The Los Angeles Times wrote that Johnson's recordings for the albums "revolutionized the Mississippi Delta style that became the foundation of the Chicago blues sound". The Wall Street Journal wrote that "when his album King of the Delta Blues Singers made its belated way to England in the mid-1960s, it energized a generation of musicians". English rock musician Eric Clapton cited King of the Delta Blues Singers, along with its second volume, as an early inspiration on his recording career. In 1980, King of the Delta Blues Singers became the first album to be inducted by the Blues Foundation into the Blues Hall of Fame. The Hartford Courant selected King of the Delta Blues Singers for its list of the 25 Pivotal Recordings That Defined Our Times (1999). In 2003, the album was ranked number 27 on Rolling Stone magazine's list of the 500 Greatest Albums of All Time, with its ranking dropping to number 374 on the 2020 update of the list. (The album was not included in the 2012 version of the Rolling Stone list, instead being replaced by The Complete Recordings at number 22.) Mojo magazine ranked it number six on its list of 100 Records That Changed the World (2007).
Pointblank features more traditional artists such as John Lee Hooker, one of the greatest blues singers, guitarists, and songwriters ever. Hooker, who took traditional music from the Mississippi Delta and brought it to the world of rock-and-roll (he was inducted in 1991 into the Rock Hall of Fame), reworks some of his classics and introduces several new songs on his latest release, "Chill Out." Among the musicians showing up to lend a hand are Van Morrison, Carlos Santana, and Charles Brown.
Prior to Clapton's release, the biggest-selling blues album in the modern era was guitarist Robert Cray's classic "Strong Persuader." Cray, who blends Memphis blues and R&B with a smooth vocal style, has released five albums since then, and although none has hit the same heights artistically or commercially, each features strong songwriting and even better playing. His latest, "Some Rainy Morning" (Mercury), is a tasty collection of ballads and shuffles that finds him working in a more sophisticated mode without his usual horn section.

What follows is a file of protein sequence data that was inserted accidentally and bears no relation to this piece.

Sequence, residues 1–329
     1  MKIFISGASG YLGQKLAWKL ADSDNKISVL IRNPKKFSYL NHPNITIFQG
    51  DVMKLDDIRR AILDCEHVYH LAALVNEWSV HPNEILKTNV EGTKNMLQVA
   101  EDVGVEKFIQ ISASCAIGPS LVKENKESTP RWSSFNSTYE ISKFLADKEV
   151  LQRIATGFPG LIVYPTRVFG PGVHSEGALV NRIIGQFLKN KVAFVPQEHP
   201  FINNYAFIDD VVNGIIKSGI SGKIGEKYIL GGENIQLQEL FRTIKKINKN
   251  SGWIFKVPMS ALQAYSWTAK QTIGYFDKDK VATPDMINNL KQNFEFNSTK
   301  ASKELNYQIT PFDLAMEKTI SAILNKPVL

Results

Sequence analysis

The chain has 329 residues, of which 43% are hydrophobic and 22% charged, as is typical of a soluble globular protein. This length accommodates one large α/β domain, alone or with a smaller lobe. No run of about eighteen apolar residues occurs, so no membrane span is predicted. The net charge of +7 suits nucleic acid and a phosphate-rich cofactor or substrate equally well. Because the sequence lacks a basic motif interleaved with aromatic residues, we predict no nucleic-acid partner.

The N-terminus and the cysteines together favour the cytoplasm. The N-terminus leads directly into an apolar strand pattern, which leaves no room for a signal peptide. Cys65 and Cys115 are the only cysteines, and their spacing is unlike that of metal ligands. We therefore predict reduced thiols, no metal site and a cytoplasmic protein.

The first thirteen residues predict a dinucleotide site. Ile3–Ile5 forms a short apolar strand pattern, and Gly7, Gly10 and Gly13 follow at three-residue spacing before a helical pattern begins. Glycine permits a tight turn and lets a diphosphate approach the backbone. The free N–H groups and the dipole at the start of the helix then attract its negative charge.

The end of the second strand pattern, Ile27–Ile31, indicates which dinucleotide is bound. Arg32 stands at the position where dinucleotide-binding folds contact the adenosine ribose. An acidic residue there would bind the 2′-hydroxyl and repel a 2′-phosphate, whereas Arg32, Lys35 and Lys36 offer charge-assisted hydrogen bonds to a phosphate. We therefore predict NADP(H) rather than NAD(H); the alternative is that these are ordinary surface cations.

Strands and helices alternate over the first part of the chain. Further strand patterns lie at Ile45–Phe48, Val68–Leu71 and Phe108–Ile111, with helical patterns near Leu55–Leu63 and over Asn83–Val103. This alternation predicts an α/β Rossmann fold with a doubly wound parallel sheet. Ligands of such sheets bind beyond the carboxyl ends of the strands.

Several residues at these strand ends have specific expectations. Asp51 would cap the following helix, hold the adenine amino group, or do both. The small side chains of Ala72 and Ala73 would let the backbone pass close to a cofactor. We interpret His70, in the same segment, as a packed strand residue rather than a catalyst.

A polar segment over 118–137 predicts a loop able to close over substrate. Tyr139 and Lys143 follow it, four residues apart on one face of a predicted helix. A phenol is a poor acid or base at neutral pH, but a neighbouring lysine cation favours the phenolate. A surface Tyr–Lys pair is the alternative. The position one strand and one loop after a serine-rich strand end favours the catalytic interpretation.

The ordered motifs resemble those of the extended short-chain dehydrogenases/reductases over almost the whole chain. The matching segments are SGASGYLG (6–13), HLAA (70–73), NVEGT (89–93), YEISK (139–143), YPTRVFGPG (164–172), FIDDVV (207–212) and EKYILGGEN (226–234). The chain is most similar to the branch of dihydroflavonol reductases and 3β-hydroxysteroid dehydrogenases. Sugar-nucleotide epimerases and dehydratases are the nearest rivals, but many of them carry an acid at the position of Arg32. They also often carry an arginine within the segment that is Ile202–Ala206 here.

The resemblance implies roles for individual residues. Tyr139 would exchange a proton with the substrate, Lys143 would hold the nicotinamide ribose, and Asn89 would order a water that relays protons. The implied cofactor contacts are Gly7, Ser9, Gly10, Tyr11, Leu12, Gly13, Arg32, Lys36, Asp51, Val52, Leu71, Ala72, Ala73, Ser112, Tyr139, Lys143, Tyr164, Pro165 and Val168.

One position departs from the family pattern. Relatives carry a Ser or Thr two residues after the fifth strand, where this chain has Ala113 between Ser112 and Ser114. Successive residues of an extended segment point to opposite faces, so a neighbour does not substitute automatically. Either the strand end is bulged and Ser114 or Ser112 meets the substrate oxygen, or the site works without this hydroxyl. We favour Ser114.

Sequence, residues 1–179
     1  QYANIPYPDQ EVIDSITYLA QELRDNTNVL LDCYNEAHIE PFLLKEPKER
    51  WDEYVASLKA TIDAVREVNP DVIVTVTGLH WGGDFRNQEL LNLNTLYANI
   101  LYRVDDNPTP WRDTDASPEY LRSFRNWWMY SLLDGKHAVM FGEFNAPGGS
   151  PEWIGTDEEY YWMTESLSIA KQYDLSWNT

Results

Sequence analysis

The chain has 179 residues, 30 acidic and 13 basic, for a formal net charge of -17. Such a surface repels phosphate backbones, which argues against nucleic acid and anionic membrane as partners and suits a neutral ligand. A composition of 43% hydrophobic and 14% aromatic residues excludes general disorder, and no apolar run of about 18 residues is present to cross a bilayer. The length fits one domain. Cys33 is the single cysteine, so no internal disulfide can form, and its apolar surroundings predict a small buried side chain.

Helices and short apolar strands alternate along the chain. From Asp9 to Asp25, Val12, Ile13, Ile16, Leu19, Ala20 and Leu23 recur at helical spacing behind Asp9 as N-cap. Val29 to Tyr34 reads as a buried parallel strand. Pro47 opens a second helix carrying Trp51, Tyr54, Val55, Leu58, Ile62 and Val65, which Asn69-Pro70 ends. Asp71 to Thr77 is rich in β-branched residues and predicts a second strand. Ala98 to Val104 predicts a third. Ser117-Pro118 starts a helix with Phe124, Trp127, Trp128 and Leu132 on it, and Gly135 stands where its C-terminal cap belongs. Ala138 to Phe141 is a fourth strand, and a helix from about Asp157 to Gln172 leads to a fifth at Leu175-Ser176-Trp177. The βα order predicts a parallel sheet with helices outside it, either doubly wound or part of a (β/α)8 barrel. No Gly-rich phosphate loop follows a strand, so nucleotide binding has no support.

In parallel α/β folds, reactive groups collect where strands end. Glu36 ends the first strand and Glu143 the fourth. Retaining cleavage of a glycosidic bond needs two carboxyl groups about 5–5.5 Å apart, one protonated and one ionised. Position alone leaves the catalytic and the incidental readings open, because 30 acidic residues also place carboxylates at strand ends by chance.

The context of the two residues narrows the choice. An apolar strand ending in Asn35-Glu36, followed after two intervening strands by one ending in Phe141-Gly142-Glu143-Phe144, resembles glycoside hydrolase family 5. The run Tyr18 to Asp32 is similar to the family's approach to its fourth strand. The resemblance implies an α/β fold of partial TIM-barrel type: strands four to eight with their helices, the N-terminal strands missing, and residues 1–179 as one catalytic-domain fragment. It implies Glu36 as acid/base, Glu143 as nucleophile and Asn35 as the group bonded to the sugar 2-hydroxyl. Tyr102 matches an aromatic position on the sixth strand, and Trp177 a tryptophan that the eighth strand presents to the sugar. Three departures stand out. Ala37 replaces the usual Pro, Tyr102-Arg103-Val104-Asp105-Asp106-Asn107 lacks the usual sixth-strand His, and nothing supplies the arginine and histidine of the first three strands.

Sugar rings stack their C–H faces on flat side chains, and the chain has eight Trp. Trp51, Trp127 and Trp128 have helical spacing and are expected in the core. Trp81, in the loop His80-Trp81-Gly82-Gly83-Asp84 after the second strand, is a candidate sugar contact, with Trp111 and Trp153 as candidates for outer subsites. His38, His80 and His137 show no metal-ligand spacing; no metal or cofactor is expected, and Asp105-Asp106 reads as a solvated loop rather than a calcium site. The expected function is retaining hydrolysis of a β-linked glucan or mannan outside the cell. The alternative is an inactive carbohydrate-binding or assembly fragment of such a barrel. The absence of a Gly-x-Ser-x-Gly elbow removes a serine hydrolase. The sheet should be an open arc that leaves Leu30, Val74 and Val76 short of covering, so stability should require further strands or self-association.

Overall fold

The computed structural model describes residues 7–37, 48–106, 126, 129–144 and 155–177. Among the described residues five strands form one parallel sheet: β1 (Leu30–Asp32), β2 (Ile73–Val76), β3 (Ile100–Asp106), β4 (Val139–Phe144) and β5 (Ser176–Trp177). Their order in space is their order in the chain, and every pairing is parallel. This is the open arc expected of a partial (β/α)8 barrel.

Two of the best record labels devoted especially to blues are Alligator Records (located in that bastion of the blues, Chicago) and Blind Pig. Some of Alligator's recent releases include: "Straight Up!" by the kings of West Coast Jump blues, Little Charlie and the Nightcats; "Deep Down," a solo album by Chicago blues harp legend Carey Bell; "In Your Eyes," from Sugar Blue, who blends blues harp with a variety of other influences, including rock, jazz, and R&B; and "Ace in the Hole," from Elvin Bishop, whose tongue-in-cheek lyrics and country stylings are enlivened by his blistering guitar work.
This is my perspective in examining the influences of Hispanic music cultures on African-American blues musicians. I will argue that social history, blues lyrics, musical evidence, and the life histories of black entertainers reveal that musical interaction between African-American blues musicians and Hispanic musicians has taken place in at least two primary areas: the Texas-Mexico border region, where downhome blues guitarists were influenced by the lifestyle of Mexican street singers and their chordophonic musical traditions; and New Orleans, where Cuban rhythms particularly affected a school of blues pianists who developed the New Orleans "sound" of rhythm and blues. To a great extent, however, these Hispanic influences on African-American musicians have been masked by marketing constraints and the zealous efforts of music critics and blues revivalists to maintain generic purity and the image of the "bluesman." 2b1af7f3a8